The annual Study Abroad Fair takes place today from 10 a.m. to 2 p.m. in the Russell Union Ballroom and will provide information on every study abroad opportunity offered.
Roughly 40 different tables will be set up offering Georgia Southern University students choices from study abroad trips ranging from the popular locations of Costa Rica and Western Europe to some of the not-as-popular and newer programs such as Brazil, Russia and Malawi.
“We would really like [students] to become familiar with all the wide variety of programs that we offer,” Danielle Smith, study abroad and academic coordinator of the Center for International Studies, said.
“We try to make study abroad inclusive, so no matter what part of the world you would want to go to, how long you want to go for or what your academic major is, we want study abroad to be for you,” Jeff Palis, Ph.D., associate director of the Center for International Studies, said.
This year GSU will provide study abroad trips to 11 new locations.
Students often have reservations regarding study abroad, more specifically with the cost of the programs.
Because GSU offers the programs, students can receive course credit and so any financial aid that student receives can be put toward a study abroad program and there are a wide variety of scholarships and grants offered.
“One of the myths about study abroad is that it’s expensive and what people don’t take into consideration, for instance, is actual opportunity cost and comparative pricing,” Jacek Lubecki, Ph.D., director for the Center for International Studies, said.
“I think once students do a budget and look at how much this period of time would cost them on campus versus how much this period of time would cost them on a summer or semester exchange, I think they’re going to find the costs to be closer than they think,” Palis said.
Students often tend to turn away from study abroad programs because they have not taken foreign language classes.
“Don’t be scared off from study abroad because you haven’t been studying a language. We want you to learn a language and we want you to get comfortable with and start to communicate with people in their host language, but most of our programs, even exchange, you don’t have to know that language to study abroad,” Smith said.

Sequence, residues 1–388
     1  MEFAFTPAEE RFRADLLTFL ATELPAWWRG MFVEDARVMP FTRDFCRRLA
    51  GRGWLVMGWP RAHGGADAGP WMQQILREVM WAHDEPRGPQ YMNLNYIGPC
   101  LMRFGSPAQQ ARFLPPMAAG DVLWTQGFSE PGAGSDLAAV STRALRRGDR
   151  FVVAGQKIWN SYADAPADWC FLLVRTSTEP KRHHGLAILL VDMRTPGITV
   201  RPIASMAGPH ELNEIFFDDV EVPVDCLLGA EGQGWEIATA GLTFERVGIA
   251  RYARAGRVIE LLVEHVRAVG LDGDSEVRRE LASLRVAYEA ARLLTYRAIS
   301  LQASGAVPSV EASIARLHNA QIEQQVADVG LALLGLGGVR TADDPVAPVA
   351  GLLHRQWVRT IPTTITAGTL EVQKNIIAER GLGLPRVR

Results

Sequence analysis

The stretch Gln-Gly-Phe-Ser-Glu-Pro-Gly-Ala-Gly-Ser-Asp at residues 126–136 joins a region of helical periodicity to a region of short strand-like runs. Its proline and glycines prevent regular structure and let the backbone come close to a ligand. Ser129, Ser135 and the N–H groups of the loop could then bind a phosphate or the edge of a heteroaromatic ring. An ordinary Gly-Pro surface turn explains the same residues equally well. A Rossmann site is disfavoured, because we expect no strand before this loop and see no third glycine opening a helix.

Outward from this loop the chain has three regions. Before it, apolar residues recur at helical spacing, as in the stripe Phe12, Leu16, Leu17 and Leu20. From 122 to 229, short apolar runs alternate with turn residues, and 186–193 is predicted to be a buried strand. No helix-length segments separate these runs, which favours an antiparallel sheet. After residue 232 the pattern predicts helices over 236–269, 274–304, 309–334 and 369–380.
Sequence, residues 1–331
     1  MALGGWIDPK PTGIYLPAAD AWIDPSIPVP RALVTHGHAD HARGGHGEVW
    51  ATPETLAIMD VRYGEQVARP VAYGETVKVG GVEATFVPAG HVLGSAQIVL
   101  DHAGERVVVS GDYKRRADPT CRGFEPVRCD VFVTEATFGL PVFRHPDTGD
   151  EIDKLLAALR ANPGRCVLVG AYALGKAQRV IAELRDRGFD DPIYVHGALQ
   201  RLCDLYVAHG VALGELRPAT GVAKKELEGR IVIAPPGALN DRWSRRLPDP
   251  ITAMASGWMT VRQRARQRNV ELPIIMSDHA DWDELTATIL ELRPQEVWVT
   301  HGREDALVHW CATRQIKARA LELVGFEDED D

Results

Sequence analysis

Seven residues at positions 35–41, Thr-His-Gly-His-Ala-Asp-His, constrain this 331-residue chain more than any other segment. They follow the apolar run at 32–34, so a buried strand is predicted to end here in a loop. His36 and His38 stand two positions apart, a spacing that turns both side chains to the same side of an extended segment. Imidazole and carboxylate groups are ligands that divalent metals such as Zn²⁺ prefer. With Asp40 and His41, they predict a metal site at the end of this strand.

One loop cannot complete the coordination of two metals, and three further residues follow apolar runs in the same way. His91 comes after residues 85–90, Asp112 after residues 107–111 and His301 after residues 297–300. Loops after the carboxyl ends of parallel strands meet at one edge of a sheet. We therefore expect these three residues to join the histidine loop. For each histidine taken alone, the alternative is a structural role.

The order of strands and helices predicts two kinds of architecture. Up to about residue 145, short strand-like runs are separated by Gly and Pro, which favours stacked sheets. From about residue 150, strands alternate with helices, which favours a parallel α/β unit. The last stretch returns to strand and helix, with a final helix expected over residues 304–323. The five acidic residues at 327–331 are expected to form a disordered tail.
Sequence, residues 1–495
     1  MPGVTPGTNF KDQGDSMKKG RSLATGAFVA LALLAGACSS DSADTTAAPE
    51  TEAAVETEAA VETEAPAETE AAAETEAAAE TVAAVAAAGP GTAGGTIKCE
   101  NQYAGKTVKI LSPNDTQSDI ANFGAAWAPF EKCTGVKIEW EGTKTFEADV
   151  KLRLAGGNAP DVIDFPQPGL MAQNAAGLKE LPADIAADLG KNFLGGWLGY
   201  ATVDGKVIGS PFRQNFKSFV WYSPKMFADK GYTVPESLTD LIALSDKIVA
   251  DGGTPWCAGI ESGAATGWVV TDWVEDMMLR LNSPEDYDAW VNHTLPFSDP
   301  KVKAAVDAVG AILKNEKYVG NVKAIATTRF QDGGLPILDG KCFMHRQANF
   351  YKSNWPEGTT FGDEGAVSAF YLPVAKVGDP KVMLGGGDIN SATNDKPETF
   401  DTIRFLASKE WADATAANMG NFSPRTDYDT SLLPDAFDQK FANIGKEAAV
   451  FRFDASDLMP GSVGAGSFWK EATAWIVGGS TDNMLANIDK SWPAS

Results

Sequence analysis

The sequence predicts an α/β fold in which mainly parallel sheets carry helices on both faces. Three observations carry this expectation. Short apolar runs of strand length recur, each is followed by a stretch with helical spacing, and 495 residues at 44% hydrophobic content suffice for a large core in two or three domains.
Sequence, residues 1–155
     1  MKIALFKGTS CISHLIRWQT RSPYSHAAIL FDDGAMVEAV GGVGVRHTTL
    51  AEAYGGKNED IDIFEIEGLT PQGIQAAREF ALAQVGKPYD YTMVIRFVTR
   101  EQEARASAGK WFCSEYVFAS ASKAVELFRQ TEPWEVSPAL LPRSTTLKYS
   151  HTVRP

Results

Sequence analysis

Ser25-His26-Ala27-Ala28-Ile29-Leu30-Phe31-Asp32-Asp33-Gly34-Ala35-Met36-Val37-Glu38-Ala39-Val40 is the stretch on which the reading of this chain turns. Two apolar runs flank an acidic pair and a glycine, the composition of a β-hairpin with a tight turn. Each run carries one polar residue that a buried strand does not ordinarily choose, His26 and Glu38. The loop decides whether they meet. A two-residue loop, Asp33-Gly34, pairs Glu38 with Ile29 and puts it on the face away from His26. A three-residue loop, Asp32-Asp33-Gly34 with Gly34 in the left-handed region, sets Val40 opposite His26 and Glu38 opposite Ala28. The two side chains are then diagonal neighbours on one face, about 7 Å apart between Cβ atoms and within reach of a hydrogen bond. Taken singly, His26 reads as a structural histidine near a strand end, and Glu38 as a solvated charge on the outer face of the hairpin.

The study abroad fair provides students with numerous options to choose from and can be overwhelming.
“Come there with some idea of what you want to do, where you want to go, but yet be open to a program that maybe you haven’t thought about,” Palis said.
“When you learn about a country, or you hear about it from books or from websites, it’s different from when you go there,” Ahmet Bekhet, graduate assistant in the Center for International Studies study abroad research room and an exchange student from Egypt, said.
There are post-graduation benefits to studying abroad that some students may not realize.
“I find that study abroad actually helps a lot students develop some of these soft skills that you don’t necessarily think to put on a resume, so things like the ability to work with diverse groups of people, better-developed cross-cultural communication skills, the ability to be flexible, adaptable to meet challenging settings and situations head on. Things that employers really want in their employees but you don’t always have a chance to sit and learn them in any classroom,” Smith said.
Even if students do not wish to study abroad this summer, they are still urged to come and see what is offered and to start planning ahead for the next year.
Students interested in semester and academic year exchange programs can also attend the fair and learn about those programs offered.
Bekhet said, “It is an opportunity that all students should take because it might be an opportunity to change your life, and this happened to me. When I do study abroad I am changing my life.”